The crowd, anxious to become the first guests of Pizza Brain — the world’s first Pizza museum — stretched around the corner of Frankford Avenue on Sept. 7.
After two years of work and planning, Brian Dwyer’s vision became a reality, but not before some pre-opening festivities. After megaphone speeches, a few words from Deputy Mayor Michael DiBerardinis, a raucous introduction from Pizza Brain’s kitchen team, a rendition of “The Star-Spangled Banner” and Dwyer’s final comments, the ribbon was cut.
Pizza Brain, 2313–2311 Frankford Ave., was open for business.
For the grand opening, four slices were available: the Jane, a plain slice; Forbes Waggensense, Pizza Brain’s take on the classic pepperoni slice; and white pie variations, such as the Lucy Waggle with arugula and the Felix Huppert with caramelized onions. The pizzeria will eventually offer a full menu of artisan pies.
Pizza Brain makes thin crust, traditional pizza with premium ingredients, striving to produce pizza reminiscent of what customers grew up eating.
Buzz about Pizza Brain has accumulated throughout the community, in some part due to its presence online and through social media. More than 1,000 people confirmed as guests to Pizza Brain’s pizza party invitation on Facebook, leading many to show up early for the opening.
“I knew it was going to be crazy over here,” Matthew Kay, who purchased the first slice in Pizza Brain history, said. “I’m almost obsessed with pizza, but I think these guys are way more obsessed with pizza.”
And with Kay’s first order, the register rang and a dream two years in the making was fulfilled.
It started about two years ago when Dwyer, a local artist, and a friend, Chris Powell, put together Philadelphia’s first “Pizzacentric” art show, which included different types of art created by around 30 local artists, all dedicated to pizza.
“That night kind of changed my life,” Dwyer said, who has loved pizza since he was a kid.
The event inspired Dwyer to imagine a pizza place “self aware” enough to celebrate the culture of pizza, and not just the food itself.
From there he began assembling a team including head chef Joe Hunter, business manager Michael Carter and space designer Ryan Anderson.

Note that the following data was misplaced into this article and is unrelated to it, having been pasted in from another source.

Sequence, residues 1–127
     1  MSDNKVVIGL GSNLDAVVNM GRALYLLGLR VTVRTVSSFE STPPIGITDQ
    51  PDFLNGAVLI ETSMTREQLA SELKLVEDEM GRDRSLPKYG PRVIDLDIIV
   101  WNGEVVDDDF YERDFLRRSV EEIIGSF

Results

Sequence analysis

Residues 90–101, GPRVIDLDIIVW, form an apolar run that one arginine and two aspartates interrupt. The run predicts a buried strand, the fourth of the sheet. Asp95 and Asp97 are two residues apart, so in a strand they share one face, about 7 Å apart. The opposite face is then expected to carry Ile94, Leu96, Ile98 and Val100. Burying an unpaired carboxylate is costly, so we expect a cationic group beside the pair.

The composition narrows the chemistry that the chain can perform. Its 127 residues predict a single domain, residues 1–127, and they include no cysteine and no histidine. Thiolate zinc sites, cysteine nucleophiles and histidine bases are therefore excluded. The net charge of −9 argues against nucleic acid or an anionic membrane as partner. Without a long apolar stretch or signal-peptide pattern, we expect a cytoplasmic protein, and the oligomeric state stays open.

“We all basically formed in about four months. We didn’t even know each other before hand,” Dwyer said. “The power of pizza” brought everyone and everything together, he said.
The partners and others involved with the project joked about boasting the biggest pizza collection in the country or the East Coast. The jokes continued until one day Dwyer called Guinness World Records.
“Someone has done this, right?” Dwyer asked about the project.
The surprising answer was that Pizza Brain was the first of its kind. After completing the appropriate channels, Dwyer was officially named the record holder for the Largest Collection of Pizza Related Items by Guinness World Records.
The museum and pizzeria, along with its neighbor, Little Baby’s Ice Cream, occupies a century-old brick building in Kensington. The space is decorated top to bottom, including panels in the floor, with pizza memorabilia varying from vintage comics to LP’s to action figures and practically anything else imagined featuring the Italian pie.
For the grand opening, customers of the pizzeria flooded into Little Baby’s Ice Cream where they were treated to free craft beer from Barry’s Homebrew Outlet.
The building also features a courtyard behind the shop that includes a unique mural representing pizza and the Kensington community.
Dwyer has been a Kensington resident for eight years and sees the neighborhood as the perfect fit for his ode to pizza.
“Kensington is a beautiful place, I couldn’t imagine opening it anywhere else,” Dwyer said. “It’s a weird town man, and this is a weird place. We fit right in.”
In fact, Pizza Brain has already made waves across the country, being featured in such publications as USA Today, the New York Times and internationally in BBC Travel.
As for what’s in store for the future of Pizza Brain, Dwyer has confident, yet simple, hopes.
“Lot’s of pizza, lots of smiles and just community, man,” Dwyer said. “This is community building.”
Kyle Noone can be reached at firstname.lastname@example.org.